The magnetic North Pole is moving more quickly than normal, sparking fears the Earth's magnetic field could be about to flip - with potentially devastating consequences.
Every five years scientists update the World Magnetic Model, which might sound esoteric but is vitally important for navigation.
But the North Pole is shifting, and the latest model - set in 2015 and expected to last five years - needs to be updated urgently, according to a report in scientific journal Nature.
Contrary to popular belief, compasses don't point to the North Pole - they point to magnetic north, its location determined by the churning of liquid metals inside the Earth. As things inside the Earth change, so do the poles.
In the 18th and 19th centuries it travelled eastward across northern Canada, before making an abrupt turn northwards at the start of the 20th century. At the start of the 21st it began speeding up, going from 9km/year in the late 20th century to its present speed of at least 55km/year.
"It didn't move much between 1900 and 1980 but it's really accelerated in the past 40 years," British Geological Survey scientist Ciaran Beggan told Reuters.
It's now not far from the actual North Pole, on a beeline for Siberia.
"The location of the north magnetic pole appears to be governed by two large-scale patches of magnetic field, one beneath Canada and one beneath Siberia," Phil Livermore, a geomagnetist at the University of Leeds, said at a recent meeting, Nature reports.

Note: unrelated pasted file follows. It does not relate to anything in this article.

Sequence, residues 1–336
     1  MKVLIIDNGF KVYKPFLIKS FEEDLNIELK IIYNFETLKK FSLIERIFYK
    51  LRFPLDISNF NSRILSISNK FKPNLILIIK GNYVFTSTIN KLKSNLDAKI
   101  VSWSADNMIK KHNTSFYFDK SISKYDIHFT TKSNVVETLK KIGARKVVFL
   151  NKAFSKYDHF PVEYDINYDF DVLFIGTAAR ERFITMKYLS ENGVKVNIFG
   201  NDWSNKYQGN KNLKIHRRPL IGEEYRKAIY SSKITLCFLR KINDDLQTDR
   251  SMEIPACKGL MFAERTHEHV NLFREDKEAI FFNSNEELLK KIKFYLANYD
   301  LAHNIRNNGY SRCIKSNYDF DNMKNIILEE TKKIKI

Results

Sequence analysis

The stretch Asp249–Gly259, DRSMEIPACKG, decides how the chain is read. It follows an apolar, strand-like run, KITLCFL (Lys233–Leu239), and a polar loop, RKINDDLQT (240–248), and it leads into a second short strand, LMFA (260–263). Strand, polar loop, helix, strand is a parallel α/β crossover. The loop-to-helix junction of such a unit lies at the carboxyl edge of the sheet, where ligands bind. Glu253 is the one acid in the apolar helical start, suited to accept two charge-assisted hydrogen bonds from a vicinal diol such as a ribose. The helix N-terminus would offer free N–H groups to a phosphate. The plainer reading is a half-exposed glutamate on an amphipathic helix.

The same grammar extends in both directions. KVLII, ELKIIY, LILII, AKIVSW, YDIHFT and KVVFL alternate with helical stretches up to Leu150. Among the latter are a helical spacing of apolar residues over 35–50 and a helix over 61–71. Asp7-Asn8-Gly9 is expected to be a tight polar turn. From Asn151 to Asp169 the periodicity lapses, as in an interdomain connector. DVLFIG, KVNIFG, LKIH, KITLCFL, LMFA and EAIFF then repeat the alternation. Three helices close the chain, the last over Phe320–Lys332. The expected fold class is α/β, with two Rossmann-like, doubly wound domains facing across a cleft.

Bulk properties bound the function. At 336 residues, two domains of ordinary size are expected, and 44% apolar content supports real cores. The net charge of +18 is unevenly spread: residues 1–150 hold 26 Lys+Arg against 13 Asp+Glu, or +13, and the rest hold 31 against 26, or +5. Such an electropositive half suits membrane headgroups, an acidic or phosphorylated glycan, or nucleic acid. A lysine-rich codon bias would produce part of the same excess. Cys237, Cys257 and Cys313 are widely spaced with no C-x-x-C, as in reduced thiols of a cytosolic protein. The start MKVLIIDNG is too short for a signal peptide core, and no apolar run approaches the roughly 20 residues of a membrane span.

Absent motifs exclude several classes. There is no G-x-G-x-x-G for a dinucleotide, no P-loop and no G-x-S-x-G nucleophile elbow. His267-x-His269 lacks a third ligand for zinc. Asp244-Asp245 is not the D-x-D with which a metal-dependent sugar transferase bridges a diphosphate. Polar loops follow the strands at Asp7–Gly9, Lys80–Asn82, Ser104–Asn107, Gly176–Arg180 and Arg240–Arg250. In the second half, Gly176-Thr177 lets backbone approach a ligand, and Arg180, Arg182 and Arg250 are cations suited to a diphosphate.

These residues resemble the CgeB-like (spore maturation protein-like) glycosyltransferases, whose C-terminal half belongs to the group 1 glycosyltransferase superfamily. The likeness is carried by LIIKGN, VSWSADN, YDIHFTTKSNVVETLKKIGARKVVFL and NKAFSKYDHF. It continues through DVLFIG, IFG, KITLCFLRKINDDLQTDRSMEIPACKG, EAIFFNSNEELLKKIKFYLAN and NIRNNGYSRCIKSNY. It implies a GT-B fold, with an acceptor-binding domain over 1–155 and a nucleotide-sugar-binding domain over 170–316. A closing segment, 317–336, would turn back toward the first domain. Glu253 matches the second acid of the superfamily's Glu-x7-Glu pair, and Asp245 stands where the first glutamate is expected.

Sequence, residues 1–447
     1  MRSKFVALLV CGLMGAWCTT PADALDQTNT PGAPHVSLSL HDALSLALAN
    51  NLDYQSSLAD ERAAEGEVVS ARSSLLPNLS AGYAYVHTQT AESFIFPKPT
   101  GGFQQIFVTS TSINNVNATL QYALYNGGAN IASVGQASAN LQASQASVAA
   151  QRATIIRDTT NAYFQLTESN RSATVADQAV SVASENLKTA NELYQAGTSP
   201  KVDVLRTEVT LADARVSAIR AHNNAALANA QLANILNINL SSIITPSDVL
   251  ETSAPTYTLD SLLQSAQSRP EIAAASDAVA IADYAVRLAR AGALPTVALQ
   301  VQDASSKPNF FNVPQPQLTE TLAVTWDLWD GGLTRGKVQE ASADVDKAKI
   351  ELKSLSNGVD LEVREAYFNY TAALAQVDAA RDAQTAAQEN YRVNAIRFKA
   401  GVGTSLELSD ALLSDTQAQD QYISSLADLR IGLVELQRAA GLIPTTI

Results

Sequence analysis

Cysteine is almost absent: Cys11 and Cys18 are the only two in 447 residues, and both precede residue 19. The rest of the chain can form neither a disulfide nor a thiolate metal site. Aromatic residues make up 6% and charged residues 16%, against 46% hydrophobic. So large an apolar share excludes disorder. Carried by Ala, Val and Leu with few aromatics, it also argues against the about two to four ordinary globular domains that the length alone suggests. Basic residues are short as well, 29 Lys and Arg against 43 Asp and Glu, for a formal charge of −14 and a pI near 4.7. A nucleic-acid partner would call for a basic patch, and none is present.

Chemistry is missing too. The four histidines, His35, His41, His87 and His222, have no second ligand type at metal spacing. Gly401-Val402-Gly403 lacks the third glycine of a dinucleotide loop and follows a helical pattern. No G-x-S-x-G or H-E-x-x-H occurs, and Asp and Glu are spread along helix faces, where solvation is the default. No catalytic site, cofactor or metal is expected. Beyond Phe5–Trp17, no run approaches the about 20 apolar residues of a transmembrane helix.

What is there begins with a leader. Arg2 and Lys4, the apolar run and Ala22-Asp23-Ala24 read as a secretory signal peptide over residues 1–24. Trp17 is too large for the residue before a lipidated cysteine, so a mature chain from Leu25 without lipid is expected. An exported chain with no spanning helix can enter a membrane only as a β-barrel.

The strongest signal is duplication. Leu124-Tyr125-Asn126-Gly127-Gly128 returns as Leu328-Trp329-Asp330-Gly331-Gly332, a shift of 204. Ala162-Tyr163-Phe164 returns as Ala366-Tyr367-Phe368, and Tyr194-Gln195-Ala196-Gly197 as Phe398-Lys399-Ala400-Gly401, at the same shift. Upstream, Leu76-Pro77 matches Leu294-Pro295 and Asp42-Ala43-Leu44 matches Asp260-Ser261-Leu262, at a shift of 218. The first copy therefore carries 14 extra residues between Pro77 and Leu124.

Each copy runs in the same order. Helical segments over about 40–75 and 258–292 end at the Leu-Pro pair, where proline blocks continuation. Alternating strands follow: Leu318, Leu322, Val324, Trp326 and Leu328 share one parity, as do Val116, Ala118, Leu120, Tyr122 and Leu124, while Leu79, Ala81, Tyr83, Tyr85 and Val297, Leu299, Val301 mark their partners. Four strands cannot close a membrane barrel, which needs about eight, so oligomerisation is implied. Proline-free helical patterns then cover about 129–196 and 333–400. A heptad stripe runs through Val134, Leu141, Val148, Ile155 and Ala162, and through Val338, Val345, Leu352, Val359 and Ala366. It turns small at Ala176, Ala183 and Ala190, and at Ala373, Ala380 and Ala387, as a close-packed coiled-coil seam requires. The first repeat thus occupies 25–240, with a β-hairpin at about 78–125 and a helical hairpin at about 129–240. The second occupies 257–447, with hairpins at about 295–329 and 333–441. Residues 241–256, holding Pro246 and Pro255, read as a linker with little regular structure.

"The Siberian patch is winning the competition."
Since a massive "geomagnetic pulse" detected beneath South America in 2016, the recent model has been outdated, Nature reports. An urgent meeting was scheduled to be held on January 15 at the request of the US military, but was called off thanks to US President Donald Trump's government shutdown. It's now pencilled in for January 30.
There has been speculation recently that the accelerating pole movement could be a sign the poles are about to flip. Scientists estimate that happens every few hundred thousand years. The last time it happened on a long-term basis was 780,000 years ago, suggesting we're overdue.
About 41,000 years ago a temporary pole reversal lasting 440 years took place, during which time the strength of the Earth's magnetic field dropped 95 percent. If that happened now we'd be bombarded with lethal cosmic rays and the atmosphere might be stripped away, and we wouldn't be able to call 111 because our mobile phones wouldn't work.
A normal reversal would take hundreds to thousands of years to complete, and scientists say it would be a bigger problem for birds who rely on the magnetic field for migration than it would humans.
Scientists who looked into the evidence last year concluded it was "probably" not undergoing a reversal.
And don't delete Google Maps if it does happen. While the magnetic field is important for navigating at sea and the poles, your phone and car navigation system relies more on satellites.
"It doesn't really affect mid or low latitudes," Dr Beggan told Reuters. "It wouldn't really affect anyone driving a car."
The magnetic South Pole isn't directly opposite the North, and its movement doesn't always match. It's spent the last 200 years moving away from the South Pole, and is currently outside the Arctic Circle.